Trevor Phillips said it was time to stop talking about race and start acting.
He told a London conference that inspectors should have powers to crack down on schools and local education authorities not fulfilling their obligations to black, Asian and ethnic minorities.
The former broadcaster said: "We have been talking about schools' ethnic policies all my adult life. I am so anxious we do not make the same errors as we have during the past 20 years, and that because we say we are going to do something we believe it is going to happen.
"We must find a way of compelling schools and if they do not do it they must suffer a penalty."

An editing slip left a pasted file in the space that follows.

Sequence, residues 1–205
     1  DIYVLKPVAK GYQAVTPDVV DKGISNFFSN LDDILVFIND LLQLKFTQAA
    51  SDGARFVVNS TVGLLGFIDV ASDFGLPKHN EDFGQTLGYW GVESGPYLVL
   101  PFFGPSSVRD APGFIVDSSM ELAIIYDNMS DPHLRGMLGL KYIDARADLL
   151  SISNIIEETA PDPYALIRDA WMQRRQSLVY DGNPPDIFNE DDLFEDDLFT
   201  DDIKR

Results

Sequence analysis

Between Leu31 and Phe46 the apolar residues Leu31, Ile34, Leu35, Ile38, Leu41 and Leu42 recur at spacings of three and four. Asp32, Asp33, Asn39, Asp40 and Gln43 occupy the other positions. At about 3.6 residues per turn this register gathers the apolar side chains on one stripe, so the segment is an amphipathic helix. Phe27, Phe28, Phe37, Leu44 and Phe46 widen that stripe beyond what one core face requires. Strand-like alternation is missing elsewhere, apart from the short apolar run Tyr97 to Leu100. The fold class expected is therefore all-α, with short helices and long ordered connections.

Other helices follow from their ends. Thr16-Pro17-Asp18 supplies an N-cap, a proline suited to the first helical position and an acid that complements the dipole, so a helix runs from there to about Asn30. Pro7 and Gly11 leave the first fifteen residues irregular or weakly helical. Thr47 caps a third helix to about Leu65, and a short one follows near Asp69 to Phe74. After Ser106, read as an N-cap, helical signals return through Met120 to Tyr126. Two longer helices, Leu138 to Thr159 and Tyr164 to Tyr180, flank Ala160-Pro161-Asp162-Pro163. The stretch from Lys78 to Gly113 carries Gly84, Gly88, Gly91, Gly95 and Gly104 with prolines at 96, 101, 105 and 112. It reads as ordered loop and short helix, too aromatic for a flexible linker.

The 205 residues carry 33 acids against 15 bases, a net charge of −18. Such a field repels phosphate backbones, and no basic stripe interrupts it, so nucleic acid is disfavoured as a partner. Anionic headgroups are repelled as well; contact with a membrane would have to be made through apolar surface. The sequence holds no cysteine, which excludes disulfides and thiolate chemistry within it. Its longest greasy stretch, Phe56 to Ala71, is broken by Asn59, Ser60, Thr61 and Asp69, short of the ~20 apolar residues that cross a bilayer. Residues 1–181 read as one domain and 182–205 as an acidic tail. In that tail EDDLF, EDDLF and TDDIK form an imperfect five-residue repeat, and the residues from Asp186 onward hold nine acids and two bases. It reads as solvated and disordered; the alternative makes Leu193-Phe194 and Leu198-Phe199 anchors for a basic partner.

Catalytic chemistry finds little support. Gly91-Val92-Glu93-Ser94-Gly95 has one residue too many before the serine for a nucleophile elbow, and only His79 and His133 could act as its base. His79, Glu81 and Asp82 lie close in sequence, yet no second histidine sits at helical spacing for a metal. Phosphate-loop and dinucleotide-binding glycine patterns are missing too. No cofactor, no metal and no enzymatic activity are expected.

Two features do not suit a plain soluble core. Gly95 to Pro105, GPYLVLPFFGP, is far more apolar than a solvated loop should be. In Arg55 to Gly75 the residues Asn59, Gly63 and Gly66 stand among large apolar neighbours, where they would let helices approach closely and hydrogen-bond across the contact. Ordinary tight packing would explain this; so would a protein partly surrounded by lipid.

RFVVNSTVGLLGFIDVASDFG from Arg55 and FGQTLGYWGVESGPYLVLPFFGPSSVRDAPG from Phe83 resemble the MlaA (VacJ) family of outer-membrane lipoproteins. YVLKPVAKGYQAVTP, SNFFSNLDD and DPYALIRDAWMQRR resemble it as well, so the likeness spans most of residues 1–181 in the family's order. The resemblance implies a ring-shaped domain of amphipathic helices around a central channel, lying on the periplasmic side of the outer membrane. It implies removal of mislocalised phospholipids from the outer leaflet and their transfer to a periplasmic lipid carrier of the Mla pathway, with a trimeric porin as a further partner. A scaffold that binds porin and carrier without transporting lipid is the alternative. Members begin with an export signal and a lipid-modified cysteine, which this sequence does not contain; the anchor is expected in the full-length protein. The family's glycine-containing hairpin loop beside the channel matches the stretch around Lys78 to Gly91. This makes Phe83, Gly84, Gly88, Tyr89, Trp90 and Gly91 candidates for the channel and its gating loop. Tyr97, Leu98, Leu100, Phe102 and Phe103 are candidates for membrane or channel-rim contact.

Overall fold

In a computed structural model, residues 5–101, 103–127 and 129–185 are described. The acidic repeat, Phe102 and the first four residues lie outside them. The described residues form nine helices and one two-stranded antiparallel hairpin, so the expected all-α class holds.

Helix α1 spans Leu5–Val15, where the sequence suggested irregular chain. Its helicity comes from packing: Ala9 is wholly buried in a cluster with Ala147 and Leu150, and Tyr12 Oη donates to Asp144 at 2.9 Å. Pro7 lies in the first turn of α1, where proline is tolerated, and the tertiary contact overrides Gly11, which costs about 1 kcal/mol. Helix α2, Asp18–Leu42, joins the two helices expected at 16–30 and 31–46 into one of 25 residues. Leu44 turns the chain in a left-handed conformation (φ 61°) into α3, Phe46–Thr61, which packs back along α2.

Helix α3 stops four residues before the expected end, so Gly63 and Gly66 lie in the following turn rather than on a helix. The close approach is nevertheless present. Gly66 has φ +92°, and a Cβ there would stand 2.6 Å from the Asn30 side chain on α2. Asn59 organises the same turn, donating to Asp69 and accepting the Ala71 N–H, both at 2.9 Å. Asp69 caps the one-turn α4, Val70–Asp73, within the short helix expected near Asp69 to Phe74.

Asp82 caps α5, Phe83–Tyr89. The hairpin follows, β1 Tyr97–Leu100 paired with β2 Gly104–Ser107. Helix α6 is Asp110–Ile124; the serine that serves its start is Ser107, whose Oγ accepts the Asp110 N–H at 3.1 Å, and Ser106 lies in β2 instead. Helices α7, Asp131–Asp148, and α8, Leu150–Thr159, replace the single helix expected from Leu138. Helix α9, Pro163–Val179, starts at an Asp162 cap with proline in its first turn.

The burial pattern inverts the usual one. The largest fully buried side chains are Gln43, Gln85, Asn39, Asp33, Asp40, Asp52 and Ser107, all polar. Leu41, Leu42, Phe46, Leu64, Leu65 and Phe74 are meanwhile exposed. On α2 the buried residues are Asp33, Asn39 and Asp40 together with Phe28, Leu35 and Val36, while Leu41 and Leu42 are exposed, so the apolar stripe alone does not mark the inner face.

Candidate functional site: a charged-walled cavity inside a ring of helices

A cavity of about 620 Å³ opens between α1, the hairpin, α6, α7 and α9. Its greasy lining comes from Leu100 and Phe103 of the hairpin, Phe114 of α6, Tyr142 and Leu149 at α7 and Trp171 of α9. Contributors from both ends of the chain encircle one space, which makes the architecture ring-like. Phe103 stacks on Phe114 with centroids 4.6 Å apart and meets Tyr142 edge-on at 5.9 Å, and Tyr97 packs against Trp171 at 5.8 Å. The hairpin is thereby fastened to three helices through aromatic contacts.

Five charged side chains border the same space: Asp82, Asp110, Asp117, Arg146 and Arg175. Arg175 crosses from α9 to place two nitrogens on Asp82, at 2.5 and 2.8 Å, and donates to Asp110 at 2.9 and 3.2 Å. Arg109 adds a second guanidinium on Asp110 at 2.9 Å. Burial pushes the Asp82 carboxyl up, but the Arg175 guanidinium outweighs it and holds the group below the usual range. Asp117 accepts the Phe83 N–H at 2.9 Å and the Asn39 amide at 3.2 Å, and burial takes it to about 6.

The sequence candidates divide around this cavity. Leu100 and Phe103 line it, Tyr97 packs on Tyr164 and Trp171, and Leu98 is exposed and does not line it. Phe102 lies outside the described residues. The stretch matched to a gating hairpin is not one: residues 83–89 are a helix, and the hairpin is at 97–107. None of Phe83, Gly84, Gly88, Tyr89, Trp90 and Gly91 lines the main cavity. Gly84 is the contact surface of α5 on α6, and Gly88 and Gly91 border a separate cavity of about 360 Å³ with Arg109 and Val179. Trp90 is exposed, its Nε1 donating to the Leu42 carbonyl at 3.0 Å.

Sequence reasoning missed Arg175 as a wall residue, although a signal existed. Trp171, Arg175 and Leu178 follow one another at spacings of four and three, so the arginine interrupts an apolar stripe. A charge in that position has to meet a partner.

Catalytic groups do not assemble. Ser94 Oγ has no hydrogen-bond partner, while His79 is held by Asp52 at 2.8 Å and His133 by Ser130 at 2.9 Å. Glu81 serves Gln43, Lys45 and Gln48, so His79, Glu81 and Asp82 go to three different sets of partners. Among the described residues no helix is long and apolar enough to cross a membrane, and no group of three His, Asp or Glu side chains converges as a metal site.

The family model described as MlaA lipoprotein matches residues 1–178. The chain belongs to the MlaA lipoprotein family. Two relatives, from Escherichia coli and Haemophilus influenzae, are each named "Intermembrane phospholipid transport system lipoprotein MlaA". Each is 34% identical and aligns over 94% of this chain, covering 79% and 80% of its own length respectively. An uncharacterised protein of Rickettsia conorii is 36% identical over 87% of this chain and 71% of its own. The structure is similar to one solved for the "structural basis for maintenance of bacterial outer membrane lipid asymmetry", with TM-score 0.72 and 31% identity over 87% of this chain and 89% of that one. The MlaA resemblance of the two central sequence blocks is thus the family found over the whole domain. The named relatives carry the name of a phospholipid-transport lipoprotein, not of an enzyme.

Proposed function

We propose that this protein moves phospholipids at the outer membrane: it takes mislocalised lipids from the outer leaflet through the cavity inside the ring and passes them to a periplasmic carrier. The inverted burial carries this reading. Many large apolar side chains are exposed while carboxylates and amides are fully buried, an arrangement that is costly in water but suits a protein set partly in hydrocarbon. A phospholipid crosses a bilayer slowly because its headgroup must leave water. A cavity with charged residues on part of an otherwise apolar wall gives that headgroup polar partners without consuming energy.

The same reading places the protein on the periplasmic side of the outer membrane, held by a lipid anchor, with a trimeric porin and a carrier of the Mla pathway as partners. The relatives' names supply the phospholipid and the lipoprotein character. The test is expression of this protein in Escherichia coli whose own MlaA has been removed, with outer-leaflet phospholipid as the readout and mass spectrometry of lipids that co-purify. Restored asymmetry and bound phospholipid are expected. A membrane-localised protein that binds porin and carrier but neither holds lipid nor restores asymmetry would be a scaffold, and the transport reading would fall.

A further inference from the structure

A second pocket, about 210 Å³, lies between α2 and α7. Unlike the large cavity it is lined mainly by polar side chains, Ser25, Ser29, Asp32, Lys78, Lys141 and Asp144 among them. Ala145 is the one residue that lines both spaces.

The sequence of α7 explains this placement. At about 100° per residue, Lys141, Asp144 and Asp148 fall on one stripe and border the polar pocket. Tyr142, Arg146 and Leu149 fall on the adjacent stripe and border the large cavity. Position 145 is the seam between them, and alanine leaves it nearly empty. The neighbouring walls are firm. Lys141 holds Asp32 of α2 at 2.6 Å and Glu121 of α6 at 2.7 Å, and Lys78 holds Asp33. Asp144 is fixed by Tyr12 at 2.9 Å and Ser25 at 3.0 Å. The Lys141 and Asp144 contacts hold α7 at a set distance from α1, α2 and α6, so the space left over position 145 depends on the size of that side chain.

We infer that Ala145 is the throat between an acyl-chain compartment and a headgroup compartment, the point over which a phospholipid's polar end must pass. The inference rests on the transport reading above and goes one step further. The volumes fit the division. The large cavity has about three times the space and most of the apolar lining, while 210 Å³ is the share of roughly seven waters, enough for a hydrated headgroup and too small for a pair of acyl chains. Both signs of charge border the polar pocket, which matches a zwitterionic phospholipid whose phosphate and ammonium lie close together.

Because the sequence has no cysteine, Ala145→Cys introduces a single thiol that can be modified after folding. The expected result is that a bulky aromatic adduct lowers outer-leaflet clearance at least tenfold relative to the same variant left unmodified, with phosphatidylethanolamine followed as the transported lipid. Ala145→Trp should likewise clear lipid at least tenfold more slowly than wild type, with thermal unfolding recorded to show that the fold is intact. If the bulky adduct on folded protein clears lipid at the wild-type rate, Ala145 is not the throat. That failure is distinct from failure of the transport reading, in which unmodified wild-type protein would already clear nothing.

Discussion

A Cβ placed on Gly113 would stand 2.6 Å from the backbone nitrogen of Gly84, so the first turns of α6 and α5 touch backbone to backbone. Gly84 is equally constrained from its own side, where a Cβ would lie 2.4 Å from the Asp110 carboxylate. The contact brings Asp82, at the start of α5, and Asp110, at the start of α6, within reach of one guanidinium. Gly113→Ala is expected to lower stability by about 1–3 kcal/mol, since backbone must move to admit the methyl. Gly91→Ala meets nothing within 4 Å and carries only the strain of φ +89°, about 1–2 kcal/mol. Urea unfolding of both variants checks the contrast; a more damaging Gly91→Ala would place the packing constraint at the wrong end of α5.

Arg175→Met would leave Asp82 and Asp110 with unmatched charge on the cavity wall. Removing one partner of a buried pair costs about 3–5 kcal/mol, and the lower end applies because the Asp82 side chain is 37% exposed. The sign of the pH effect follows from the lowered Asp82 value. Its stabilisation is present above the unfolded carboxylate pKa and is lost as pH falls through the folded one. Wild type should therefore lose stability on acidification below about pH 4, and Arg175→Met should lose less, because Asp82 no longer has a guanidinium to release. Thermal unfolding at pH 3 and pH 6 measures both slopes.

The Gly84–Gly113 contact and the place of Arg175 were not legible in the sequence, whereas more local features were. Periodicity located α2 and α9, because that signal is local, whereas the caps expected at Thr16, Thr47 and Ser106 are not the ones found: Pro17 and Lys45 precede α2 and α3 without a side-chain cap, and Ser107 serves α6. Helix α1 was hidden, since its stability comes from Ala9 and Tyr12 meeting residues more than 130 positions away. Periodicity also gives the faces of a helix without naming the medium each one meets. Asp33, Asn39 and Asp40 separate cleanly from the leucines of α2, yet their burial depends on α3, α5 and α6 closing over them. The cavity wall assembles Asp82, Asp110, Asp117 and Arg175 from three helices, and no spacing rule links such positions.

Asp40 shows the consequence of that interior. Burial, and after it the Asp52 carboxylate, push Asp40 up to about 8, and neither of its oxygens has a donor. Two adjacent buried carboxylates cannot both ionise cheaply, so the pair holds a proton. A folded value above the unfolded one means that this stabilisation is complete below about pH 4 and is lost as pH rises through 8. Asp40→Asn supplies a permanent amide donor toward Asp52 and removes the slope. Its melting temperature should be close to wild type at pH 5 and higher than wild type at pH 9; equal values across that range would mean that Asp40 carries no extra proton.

Mr Phillips said that commission officials would meet their counterparts in the Office for Standards in Education this summer and thrash out plans to ensure inspectors worked towards the maxim that good schools are inclusive schools.
Earlier, education minister Stephen Twigg told the 200 headteacher and council official delegates at the conference, organised by The Education Network, that implementation of the Race Relations Act by local education authorities had been patchy. The Act came into force last year.
The minister said Ofsted would begin assessing schools' race policies in five trial education authorities from September.
* A CRE survey of 3,500 public-sector organisations to assess their commitment to promoting racial equality will be published later this month.